1. I noticed that Social Media is cracking down on Spam. Promoting your book all day every day does not work without a strategy in place. As Angela J. Ford, puts it, “Instead of just publishing a book and hoping to sell a few copies, you should have a business strategy in place to help you to consistently grow your fan base and sell more books.”

 

  1. I see no proof of the “see it seven times buy it” rule. Not saying this doesn’t work. It’s just that in my experience constantly pushing books in people’s face just seems to piss them off. Generally, people have already decided whether they want to buy your book. Asking them repeatedly to buy it won‘t change their minds.

 

  1. I noticed that promoting less gives a better result (for me personally….not saying this for others.) For Even Salt Looks Like Sugar, I have promoted it today on my Instagram for the first time since September 4th (not counting my business account). The last time I promoted it on Facebook was September 19th. I promote it more on Twitter but that‘s because Twitter is a fast-paced platform where tweets get buried. You can post several times on Twitter and not be spammy. When looking at my data, I have sold books both times on IG and Facebook. I believe it’s because by spacing out the promotion the posts are a fresh reminder and not a spammy irritation.

I have edited this part to give you some examples. I don‘t care about likes but when it comes to my book promos, I do care because it goes into my data for understanding what‘s working and what‘s not working. Are the people liking the post supporting or just “liking?” Are people getting tired of me? Is the promotion working? So far I have done 4 Book Promotions for Even Salt Looks Like Sugar on Instagram since August for the preorders. Just four. Below are the results for the new novella promotion on IG:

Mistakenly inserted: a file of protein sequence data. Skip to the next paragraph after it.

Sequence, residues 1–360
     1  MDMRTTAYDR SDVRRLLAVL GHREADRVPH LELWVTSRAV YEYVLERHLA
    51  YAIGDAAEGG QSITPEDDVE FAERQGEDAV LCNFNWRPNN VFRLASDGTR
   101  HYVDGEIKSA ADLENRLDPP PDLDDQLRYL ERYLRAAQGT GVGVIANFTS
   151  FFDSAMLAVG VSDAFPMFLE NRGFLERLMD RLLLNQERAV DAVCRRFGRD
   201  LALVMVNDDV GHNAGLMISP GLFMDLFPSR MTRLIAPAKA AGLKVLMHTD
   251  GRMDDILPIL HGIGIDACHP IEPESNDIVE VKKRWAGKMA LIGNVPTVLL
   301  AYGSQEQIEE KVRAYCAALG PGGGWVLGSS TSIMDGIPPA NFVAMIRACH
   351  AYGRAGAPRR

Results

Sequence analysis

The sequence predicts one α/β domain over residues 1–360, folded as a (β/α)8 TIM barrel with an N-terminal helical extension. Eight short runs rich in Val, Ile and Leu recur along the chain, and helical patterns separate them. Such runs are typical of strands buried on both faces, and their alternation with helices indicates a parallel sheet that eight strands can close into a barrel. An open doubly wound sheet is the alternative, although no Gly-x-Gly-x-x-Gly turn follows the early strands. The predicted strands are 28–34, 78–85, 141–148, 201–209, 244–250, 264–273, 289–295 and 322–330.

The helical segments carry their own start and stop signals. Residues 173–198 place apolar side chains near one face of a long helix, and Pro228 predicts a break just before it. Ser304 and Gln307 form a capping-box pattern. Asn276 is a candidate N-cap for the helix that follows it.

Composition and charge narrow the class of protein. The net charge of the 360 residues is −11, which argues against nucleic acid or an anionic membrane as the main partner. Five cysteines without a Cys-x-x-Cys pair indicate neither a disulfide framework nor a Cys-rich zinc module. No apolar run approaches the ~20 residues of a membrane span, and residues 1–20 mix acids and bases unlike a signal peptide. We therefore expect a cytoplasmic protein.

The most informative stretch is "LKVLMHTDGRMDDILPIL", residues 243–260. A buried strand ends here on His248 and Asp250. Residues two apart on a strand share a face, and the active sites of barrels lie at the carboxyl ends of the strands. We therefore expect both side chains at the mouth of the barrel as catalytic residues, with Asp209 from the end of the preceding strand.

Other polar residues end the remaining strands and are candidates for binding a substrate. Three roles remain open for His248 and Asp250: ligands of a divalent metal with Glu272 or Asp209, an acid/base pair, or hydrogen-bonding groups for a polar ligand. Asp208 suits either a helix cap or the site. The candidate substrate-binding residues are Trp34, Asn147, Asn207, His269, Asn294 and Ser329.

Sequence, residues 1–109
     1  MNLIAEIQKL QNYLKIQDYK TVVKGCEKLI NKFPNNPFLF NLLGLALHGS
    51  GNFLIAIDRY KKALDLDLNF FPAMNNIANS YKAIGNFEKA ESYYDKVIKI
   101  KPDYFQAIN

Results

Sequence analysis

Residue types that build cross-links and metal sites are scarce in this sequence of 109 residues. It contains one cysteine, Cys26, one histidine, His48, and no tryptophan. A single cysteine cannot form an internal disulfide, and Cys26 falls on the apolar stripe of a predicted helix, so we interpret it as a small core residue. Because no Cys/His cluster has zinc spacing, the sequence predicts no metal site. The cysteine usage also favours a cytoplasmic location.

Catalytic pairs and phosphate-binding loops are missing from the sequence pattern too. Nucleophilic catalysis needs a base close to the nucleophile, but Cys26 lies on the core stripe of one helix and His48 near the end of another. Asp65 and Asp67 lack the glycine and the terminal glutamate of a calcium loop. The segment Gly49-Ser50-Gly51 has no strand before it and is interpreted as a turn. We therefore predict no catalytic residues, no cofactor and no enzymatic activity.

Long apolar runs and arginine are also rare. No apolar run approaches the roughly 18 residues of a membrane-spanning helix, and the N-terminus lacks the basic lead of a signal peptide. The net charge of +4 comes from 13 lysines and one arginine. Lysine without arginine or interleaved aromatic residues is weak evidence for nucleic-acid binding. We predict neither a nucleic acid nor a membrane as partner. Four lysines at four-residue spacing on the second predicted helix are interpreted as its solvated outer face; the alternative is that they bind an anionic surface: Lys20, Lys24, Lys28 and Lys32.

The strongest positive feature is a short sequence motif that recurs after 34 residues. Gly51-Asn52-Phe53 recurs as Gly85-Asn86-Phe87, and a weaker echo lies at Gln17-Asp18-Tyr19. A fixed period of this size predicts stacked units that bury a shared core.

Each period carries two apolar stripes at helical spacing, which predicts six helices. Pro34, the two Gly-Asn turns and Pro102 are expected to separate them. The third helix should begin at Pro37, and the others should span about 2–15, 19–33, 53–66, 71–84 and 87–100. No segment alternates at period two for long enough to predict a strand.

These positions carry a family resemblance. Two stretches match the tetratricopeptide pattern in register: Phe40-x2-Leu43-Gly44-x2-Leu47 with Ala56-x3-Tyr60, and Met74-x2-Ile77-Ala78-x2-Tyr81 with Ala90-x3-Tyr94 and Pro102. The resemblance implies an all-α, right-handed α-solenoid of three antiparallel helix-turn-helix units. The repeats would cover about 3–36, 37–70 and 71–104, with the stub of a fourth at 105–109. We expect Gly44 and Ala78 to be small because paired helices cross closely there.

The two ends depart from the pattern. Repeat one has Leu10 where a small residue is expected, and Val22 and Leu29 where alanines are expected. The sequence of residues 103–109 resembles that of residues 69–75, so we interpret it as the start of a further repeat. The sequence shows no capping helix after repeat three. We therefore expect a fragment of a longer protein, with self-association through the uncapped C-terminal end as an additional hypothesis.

August 1st – First time promoting Even Salt Looks Like Sugar preorder:
48 Likes, 9 Comments

Obviously, everyone is excited to hear of the new book. That explains the number of likes and commentary. Readers bought books on the first, second, and third of August.

August 10th – Second time promoting Even Salt Looks Like Sugar preorder:
27 Likes, 2 Comments

People are still excited but the core supporters already have a copy of the book. Books sold on this day and 8/23.

September 4th – Third time promoting Even Salt Looks Like Sugar preorder:
34 Likes, 2 Comments

A good month has passed, people forgot. This was a good reminder. Numbers went up. Books sold the first of this month, the 10th, 17th and 18th.

September 26th – Today. Fourth time promoting Even Salt Looks Like Sugar preorder preorder:
10 Likes, 0 Comments